Friday, September 24, 2010

Grammar fail(ure)

We were at PetSmart yesterday, and I happened to spy one of my least favorite grammatical errors: the use of a plural where a possessive is called for and vice versa.

To be fair, this appeared in a tag engraving machine, so it really wasn't PetSmart's mistake. However, some well-meaning but semi-literate PetSmart employee, obviously attempting to follow the Law of Conservation of Apostrophes ( "For every apostrophe omitted from an "it's'' there is an extra one put into an "its"), hung this sign about three feet away:

When I see mistakes like these, made by adults who have, presumably, completed elementary school, I can't help but echo the sentiments of Lynne Truss in her wonderful book Eats, Shoots, and Leaves: "Why did the Apostrophe Protection Society not have a militant wing? Could I start one? Where do you get balaclavas?"


  1. Hehe. I was a college English instructor for a few years. Believe me, the urge to scream never lessens when you see this happening again and again. Just wait until we see the effects of text messaging on written English in a few decades.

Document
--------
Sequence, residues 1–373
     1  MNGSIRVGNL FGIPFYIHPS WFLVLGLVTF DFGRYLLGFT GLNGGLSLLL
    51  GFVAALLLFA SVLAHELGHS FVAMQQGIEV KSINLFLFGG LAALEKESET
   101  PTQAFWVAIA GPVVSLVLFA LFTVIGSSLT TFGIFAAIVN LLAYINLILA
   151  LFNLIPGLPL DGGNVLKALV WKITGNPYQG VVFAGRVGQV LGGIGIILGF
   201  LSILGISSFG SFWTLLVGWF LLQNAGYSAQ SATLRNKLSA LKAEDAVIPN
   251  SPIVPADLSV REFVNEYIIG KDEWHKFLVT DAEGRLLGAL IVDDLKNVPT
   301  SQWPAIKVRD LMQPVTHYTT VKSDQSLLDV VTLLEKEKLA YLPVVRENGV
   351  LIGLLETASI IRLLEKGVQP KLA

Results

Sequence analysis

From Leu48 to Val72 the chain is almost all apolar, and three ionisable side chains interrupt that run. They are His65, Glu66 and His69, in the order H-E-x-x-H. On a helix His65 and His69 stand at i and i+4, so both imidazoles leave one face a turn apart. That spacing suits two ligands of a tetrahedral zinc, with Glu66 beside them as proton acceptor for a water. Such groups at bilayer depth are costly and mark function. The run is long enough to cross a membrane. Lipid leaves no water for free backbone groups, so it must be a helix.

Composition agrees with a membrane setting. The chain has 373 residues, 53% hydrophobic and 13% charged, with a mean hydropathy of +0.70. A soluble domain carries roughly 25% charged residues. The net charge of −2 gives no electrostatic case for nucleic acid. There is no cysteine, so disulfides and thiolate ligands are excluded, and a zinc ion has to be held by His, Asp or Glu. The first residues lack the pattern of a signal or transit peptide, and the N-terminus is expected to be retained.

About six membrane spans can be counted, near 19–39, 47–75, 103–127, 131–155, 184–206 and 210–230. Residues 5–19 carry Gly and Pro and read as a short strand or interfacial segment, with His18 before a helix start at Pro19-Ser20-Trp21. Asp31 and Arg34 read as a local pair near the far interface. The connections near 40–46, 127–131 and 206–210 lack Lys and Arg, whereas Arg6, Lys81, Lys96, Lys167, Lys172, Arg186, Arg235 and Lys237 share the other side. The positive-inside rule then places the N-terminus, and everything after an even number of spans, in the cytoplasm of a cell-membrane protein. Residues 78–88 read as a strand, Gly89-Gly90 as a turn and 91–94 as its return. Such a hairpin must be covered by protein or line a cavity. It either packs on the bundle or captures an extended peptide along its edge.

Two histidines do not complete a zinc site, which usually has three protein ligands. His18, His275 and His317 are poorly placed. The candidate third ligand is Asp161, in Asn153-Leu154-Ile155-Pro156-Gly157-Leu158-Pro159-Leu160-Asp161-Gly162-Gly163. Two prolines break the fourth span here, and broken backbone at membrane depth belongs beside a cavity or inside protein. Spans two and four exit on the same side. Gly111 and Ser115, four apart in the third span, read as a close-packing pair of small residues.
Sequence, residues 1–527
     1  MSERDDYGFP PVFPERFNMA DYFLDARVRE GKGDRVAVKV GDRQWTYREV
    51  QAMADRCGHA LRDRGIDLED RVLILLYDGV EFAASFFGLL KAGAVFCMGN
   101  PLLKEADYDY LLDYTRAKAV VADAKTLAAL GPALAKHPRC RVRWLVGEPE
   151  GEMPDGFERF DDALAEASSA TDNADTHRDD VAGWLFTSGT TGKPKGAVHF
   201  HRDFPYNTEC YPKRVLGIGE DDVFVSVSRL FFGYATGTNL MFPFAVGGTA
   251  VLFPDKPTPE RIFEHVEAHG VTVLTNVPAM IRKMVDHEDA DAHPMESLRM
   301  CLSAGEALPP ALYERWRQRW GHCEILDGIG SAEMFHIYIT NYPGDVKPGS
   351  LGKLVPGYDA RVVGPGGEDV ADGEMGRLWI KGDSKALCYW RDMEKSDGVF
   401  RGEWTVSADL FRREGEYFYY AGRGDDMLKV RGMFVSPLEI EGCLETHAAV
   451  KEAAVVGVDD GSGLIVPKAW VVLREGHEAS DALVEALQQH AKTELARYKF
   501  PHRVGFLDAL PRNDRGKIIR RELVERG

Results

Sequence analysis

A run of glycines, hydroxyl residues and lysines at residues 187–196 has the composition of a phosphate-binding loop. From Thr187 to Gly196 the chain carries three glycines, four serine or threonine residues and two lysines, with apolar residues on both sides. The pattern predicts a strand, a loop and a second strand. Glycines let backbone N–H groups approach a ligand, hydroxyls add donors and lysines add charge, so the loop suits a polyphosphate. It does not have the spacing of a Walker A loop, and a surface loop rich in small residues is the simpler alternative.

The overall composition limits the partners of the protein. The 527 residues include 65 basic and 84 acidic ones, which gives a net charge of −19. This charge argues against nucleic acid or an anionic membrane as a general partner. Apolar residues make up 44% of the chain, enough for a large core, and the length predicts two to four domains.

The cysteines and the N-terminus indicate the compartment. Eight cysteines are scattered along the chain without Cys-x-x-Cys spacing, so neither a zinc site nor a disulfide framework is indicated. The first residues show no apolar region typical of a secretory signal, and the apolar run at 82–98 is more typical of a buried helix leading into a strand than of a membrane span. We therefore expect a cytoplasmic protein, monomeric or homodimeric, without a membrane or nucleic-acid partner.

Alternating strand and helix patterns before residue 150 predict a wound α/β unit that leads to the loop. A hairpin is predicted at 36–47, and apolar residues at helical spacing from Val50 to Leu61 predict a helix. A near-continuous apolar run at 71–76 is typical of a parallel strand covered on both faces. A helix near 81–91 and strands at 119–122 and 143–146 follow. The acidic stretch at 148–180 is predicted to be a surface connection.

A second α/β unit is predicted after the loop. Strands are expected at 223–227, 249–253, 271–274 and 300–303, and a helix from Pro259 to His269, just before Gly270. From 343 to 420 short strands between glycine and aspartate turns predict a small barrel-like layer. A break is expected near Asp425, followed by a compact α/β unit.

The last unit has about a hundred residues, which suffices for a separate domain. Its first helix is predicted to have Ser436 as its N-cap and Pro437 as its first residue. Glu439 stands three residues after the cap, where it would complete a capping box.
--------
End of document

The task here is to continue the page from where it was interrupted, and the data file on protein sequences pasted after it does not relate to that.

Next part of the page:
2. Grammar and spelling mistakes are not limited to public signs. I cringe when my friends, who also have English degrees, send me poorly written emails. I was horrified they obtained teaching credentials and never planned to master grammar rules. No wonder many students never master grammar. In my college grammar class, only 5 out of 40 of us knew grammar rules. Students in our class ranged from 16 (concurrent enrollment high school/college) to 70 years old.

    While I am by no means an expert grammarian, I always try to use appropriate grammar rules. I am glad to see others also try their best when it comes to presenting the written word in an elegant and grammatically succinct manner.

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